iUniverse’s Sylvia Smoller discusses her second book, Chance and Consequence, as well as her inspirations and message.
How much of our lives are determined by coincidences, how much by the choices we make? And how do those choices reverberate through time to affect those we love? Chance and Consequence is a sweeping, historically accurate novel that tells the story of people caught in the momentous upheavals of World War II, their destinies driven by chance, by the force of their characters and by the courage of a Japanese diplomat.
Set in the period from 1918 to 1945, the story explores the impact of historical and political events on individual lives, on friendship, family ties and love. Against the backdrop of Poland, London, Moscow, Japan and America, the three central characters, Rachel, consumed by opposing desires to be independent and be taken care of, Aleks, her intellectual husband, fallen from status, and Roman, her powerful lover, struggle in their own ways with war, escape, survival, displacement, to find balance in love and decency.
Chance and Consequence is an expanded version of a previous book, Rachel and Aleks, and it includes additional material in the form of an epilogue about a special trip to Poland I took with 12 members of my family. We visited the places where the characters in this book were born and grew up and lived. We also visited Auschwitz where members of our family perished. This epilogue also includes a series of photographs, from the times depicted in the book as well as from our recent trip to those places.
I am both a scientist and a novelist. In my day job I am Professor of Epidemiology at the Albert Einstein College of Medicine where my research has spanned both cancer and cardiovascular disease. Most of my writing has been for scientific journals. I’ve written a textbook on research methods that is in its fourth edition, but this novel I wrote, Chance and Consequence, was something completely different. It came from the heart. But my research background helped and I did a great deal of research in order to be historically accurate. I felt I had to show how history affects the personal and how adversity both shapes and reveals character.
My son’s father, my first husband, died at the age of 39 when my son was six years old. Despite this traumatic event in his early life, my son became a well-known scientist and a wonderful man of the highest integrity. Despite this tragedy in my own life, I was fortunate to find love again and re-marry. I feel very lucky to have a wonderful family that includes my daughter-in-law and little granddaughter, and caring stepsons. As my mother used to say, “Don’t despair. You never know what’s around the corner.”
Now I live in New York City and I love living here and enjoying the many concerts, museums and cultural events the city has to offer.
Do you have any particular literary influences? What inspired you to write your book?
I read voraciously and I am always drawn to historical novels. I love this genre because it both gives a personal story that engages me on an emotional level and also teaches me about historical events and how they may affect ordinary lives.
I wrote this book because World War II is part of my personal history and the history of my relatives and many friends. It was the cataclysmic event of the 20th century. It shaped our world and our civilization far into the future.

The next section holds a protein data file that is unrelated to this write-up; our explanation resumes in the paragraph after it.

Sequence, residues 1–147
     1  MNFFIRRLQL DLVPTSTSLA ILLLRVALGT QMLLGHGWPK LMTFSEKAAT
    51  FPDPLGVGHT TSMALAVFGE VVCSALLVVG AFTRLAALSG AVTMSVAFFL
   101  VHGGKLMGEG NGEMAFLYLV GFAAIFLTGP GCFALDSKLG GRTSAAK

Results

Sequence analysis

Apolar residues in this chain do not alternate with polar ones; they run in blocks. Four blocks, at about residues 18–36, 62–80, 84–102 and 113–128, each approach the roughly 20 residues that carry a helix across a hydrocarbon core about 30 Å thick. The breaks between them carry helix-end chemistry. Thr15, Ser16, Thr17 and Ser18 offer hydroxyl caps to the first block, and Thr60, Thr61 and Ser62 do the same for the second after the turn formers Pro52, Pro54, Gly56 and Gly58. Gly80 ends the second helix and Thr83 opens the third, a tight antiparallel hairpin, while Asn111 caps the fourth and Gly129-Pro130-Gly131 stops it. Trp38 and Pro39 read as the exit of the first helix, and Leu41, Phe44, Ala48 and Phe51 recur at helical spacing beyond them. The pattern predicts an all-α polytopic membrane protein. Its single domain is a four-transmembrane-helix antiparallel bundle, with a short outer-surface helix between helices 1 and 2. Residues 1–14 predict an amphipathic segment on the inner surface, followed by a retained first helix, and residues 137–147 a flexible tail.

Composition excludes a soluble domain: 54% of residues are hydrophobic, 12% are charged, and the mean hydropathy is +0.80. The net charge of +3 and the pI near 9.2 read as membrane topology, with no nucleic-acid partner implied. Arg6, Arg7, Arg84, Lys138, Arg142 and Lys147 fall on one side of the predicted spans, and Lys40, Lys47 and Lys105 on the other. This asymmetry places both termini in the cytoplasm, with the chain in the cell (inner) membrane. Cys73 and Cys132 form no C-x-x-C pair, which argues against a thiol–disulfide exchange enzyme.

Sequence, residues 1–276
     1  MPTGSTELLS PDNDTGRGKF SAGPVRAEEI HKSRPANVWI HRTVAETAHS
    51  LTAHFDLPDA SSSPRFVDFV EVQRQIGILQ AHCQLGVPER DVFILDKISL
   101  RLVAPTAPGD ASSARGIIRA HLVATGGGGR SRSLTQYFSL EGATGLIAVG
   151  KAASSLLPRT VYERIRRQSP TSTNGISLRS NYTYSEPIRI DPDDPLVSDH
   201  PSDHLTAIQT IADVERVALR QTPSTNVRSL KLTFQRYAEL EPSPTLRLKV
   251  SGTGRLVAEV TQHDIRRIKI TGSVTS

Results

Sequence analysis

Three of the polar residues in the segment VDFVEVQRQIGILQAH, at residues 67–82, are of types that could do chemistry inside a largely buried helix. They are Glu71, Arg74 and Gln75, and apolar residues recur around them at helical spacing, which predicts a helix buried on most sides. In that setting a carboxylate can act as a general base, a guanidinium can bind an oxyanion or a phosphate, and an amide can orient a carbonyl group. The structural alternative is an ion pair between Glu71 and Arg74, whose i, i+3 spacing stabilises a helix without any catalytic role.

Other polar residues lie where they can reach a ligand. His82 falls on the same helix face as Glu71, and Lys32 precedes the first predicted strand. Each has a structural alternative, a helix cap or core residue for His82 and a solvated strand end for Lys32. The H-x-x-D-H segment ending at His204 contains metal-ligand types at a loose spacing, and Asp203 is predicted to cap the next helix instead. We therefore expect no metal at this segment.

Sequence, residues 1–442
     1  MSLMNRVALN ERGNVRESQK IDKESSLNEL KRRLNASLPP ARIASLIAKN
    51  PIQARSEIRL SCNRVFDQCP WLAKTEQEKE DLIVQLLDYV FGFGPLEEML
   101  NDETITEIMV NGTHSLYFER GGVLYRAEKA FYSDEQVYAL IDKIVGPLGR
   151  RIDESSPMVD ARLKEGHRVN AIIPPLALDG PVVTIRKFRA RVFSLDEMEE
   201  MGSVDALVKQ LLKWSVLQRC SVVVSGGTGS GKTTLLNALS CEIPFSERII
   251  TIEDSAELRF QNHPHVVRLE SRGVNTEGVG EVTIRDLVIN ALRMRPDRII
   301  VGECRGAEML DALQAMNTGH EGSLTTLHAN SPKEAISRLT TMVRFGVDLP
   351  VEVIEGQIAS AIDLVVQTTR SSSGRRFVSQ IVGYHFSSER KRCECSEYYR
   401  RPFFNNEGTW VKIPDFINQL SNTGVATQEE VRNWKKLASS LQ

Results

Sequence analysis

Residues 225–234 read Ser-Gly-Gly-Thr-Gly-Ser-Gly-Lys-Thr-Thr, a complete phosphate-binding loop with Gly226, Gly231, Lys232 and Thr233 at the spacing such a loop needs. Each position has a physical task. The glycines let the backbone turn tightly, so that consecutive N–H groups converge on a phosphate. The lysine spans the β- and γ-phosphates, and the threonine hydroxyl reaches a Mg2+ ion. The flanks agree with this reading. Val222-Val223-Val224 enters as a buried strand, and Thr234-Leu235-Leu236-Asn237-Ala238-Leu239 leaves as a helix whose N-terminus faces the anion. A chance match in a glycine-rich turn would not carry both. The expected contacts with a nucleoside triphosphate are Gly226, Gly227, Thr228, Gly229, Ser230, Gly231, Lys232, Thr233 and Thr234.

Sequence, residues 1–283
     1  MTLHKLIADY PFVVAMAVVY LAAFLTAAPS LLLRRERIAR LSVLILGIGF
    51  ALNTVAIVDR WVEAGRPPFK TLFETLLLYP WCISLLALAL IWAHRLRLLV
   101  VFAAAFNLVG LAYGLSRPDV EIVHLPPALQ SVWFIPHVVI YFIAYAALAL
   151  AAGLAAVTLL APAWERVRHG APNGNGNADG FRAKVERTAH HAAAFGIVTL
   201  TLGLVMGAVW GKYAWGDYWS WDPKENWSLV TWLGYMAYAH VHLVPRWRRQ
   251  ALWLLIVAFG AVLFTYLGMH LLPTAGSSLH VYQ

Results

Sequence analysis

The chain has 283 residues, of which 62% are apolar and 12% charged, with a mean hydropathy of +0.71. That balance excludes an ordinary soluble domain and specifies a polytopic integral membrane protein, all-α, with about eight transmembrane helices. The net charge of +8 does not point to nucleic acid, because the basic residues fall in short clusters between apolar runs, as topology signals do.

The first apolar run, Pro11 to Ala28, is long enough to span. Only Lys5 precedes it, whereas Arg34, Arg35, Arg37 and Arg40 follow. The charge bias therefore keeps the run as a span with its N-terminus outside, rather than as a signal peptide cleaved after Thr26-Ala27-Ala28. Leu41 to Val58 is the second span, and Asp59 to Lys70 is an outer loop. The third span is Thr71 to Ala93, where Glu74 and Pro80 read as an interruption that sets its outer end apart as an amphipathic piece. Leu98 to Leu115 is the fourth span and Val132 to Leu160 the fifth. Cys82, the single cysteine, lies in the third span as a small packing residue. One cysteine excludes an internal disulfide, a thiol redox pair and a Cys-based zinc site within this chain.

One day I was going through some photographs and I came upon an old sepia photo of a young woman. What was she like, I wondered. She was beautiful. Wisps of hair fell across her face. Her neck was long and graceful and her chin raised. She had deep, smoldering eyes. She seemed proud and determined. This was a woman who had dreams. This was my mother. I started writing about the woman in the photograph and became increasingly fascinated with the historical background in which she lived, with the interplay of chance and the consequences of choices both large and small and how luck, coincidence and personal character all interact to help us to survive, and even flourish.
What is the one message you would like to convey to your readers?
Much of life hangs on small coincidences, but along the way, we make choices in our lives and these choices accumulate to form our character. Our lives are shaped by the interplay of chance and character.
Are you working on a sequel to Chance and Consequence?
I am working on a memoir – the theme is about overcoming adversity and knowing in the bleakest moments that happiness can return again, and again.
Please feel free to mention any accolades you have received.
I have received a number of prizes based on my professional work, including:
The Presidential Medallion from Yeshiva University – the equivalent of an Honorary Degree, The Faculty Mentoring Award from the Albert Einstein College of Medicine, as well as The Spirit of Achievement Award from the Albert Einstein College of Medicine, Women’s Division. I have also received some awards for the predecessor to this book, including Editor’s Choice and Publisher’s Choice from iUniverse, as well as ReaderViews Reviewers Choice award.
Finally, what advice would you give to aspiring authors?
Joining a writing group – it can be very helpful. One can get feedback for what works and what doesn’t. The size of the group is important – 6-8 people seems about right.
When writing a novel, it helps if you can put yourself in the scene you are writing about. Imagine you are there. What do you observe? How does it look, sound, appear? And if you were there, how would you feel?
And of course the usual and always right advice, is to keep on writing. Then after you’ve done it, re-write.
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